The Walt Disney Company has always operated its theme parks with the family unit in mind, thanks to the many storytellers through the years who’ve kept Walt’s vision alive by sharing the reason he built Disneyland in the first place: so that families could spend time and enjoy an experience together.
Many fans know this story about Walt, and they appreciate the family atmosphere within the Disney Parks, making it easy to understand why so many are up in arms over the seemingly “less-than-family-friendly” ventures in which Disney execs hope to dabble. (Cue the Chapek grumbles, please.)
And while many Disney Parks fans sound the alarm over recent changes to Disney, its entertainment offerings, and the Parks, touting the changes as “Disney’s demise” and “Disney’s downfall” while commenting, “What happened to the magic?” on every social media platform, the truth is that Disney did some pretty significant “dabbling” in the arena of “not safe for families” nearly 30 years ago at Walt Disney World.
When the attraction had its soft opening at the end of 1994, it wasn’t well-received, so Imagineering made a few design changes. The finished product was called “The ExtraTERRORestrial Alien Encounter,” and it was probably the first and only (so far) attraction at Disney World that came with a warning to parents that the experience might be too frightening for children.
But it wasn’t only scary to children; there are reports that some Guests were so frightened by the experience, and their screams were so intense, that part of the dialogue in the attraction would be missed.
The EXTRATerrestrial Alien Encounter attraction–like all Disney rides–had a story to go along with it. CinemaBlend describes the attraction and its horror quite well:
“The show is supposed to teleport a humanoid alien, played by former ‘Ferris Beuller’ principal Jeffrey Jones, into the main theater, but then something goes wrong and instead what appears is something massive and ravenous looking. Then, the alien appears to break the glass, the power is cut and then the guests are subjected to a series of sensations, via touch, sound, and even scent, that imply the alien is moving around the dark space wreaking havoc and looking for food. It’s implied that the alien eats several people before being recaptured.”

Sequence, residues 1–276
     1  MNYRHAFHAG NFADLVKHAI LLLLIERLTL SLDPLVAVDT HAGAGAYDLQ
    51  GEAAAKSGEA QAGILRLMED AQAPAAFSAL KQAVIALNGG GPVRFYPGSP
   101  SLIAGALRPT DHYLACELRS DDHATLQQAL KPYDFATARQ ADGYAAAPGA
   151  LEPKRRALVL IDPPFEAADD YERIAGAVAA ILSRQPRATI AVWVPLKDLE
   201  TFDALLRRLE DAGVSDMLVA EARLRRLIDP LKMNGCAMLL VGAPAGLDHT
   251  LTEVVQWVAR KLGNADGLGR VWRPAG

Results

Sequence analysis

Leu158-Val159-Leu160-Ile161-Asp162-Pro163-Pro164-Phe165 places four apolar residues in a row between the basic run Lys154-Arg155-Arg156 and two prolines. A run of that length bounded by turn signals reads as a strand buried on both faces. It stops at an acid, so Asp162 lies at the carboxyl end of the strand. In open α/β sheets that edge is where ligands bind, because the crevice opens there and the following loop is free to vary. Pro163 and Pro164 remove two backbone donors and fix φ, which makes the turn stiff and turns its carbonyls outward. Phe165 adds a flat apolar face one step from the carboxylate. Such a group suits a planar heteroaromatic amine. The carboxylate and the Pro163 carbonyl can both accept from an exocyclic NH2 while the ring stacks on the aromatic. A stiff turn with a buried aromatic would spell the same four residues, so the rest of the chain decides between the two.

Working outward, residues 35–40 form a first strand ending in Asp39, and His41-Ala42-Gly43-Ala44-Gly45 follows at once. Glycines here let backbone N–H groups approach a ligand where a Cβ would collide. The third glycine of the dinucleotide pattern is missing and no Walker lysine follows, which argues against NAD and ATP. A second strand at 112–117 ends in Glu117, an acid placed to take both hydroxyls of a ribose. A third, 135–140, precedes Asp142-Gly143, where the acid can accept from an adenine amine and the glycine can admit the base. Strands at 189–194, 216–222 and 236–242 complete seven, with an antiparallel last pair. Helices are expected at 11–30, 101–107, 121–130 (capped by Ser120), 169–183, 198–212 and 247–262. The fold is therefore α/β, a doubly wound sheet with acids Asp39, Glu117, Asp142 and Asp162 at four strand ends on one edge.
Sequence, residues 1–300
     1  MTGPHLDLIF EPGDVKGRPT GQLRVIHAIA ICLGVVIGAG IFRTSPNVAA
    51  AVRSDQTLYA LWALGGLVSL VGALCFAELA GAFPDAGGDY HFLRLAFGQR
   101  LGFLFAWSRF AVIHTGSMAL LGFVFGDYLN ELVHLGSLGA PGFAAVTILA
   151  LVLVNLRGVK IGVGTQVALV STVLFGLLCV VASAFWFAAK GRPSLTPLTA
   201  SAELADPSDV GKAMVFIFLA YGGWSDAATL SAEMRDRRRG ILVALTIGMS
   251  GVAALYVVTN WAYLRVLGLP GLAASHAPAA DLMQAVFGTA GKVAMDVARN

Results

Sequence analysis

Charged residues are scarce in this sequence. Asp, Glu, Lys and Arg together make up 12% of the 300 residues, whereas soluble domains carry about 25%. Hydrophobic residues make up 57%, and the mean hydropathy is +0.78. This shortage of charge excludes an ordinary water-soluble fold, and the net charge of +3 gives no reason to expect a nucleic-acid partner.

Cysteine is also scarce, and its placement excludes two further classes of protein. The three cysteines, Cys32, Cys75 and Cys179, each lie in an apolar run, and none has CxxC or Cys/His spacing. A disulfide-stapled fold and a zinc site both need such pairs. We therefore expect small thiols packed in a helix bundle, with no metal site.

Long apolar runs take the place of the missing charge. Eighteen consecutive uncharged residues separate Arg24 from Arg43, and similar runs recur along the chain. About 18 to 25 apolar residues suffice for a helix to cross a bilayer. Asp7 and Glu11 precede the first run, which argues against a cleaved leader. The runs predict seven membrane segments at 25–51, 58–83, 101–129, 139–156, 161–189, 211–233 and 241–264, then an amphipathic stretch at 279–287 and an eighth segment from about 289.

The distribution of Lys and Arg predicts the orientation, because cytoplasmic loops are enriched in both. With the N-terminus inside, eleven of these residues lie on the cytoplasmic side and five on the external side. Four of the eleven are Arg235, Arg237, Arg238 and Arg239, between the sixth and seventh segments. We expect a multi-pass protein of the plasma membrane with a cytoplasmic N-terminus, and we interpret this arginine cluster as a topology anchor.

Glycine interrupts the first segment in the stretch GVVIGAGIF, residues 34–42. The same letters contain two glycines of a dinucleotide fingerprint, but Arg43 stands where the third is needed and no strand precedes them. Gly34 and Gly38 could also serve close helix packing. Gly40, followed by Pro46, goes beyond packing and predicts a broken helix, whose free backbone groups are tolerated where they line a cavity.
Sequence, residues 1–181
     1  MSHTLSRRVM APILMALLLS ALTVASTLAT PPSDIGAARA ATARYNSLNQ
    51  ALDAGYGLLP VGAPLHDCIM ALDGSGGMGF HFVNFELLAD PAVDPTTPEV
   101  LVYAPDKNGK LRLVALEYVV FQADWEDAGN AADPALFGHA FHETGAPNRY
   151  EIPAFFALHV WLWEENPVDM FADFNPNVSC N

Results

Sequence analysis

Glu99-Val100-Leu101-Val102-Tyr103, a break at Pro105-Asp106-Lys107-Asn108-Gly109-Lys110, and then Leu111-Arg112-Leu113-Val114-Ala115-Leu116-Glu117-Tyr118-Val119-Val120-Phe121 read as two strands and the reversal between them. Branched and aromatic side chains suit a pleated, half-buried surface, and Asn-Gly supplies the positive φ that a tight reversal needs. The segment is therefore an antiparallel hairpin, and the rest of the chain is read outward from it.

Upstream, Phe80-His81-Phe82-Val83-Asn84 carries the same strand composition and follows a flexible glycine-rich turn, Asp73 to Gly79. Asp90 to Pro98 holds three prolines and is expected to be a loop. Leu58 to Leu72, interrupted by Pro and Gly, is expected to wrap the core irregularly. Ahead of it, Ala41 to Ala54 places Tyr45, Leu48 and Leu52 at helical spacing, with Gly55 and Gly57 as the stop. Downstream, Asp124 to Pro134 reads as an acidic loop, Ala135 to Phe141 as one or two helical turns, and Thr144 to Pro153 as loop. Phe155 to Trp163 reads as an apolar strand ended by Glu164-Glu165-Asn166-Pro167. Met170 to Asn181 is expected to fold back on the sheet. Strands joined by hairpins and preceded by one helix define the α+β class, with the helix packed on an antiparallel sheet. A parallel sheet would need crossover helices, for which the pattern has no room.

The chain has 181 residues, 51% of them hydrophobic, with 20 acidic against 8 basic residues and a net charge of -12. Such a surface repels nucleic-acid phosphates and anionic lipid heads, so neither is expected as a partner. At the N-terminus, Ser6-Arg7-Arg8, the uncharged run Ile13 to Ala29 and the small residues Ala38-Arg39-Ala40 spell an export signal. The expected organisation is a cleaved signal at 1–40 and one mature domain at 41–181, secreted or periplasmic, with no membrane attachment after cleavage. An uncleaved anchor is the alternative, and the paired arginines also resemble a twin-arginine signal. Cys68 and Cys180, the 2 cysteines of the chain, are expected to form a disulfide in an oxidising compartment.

The attraction was closed in 2003. Guests were frightened by it. It clearly was not something for children, even though it was located at Magic Kingdom.
But perhaps another reason for its demise was that actor Jeffrey Jones, who played the humanoid alien in the attraction, was arrested on child pornography charges, and Disney likely didn’t want to be associated with him after that point. However, if that were the only reason, Imagineering could have just re-recorded the bit with a new actor.
It probably just didn’t make sense to keep it, especially with the complaints from Guests about the fear factor of the experience. It had been propelled forward by then-CEO Michael Eisner, and by this time in the attraction’s lifespan, Eisner had lost interest in it, according to reports.
Did you ever experience The ExtraTERRORestrial Alien Encounter at Magic Kingdom? Did you think it was scary?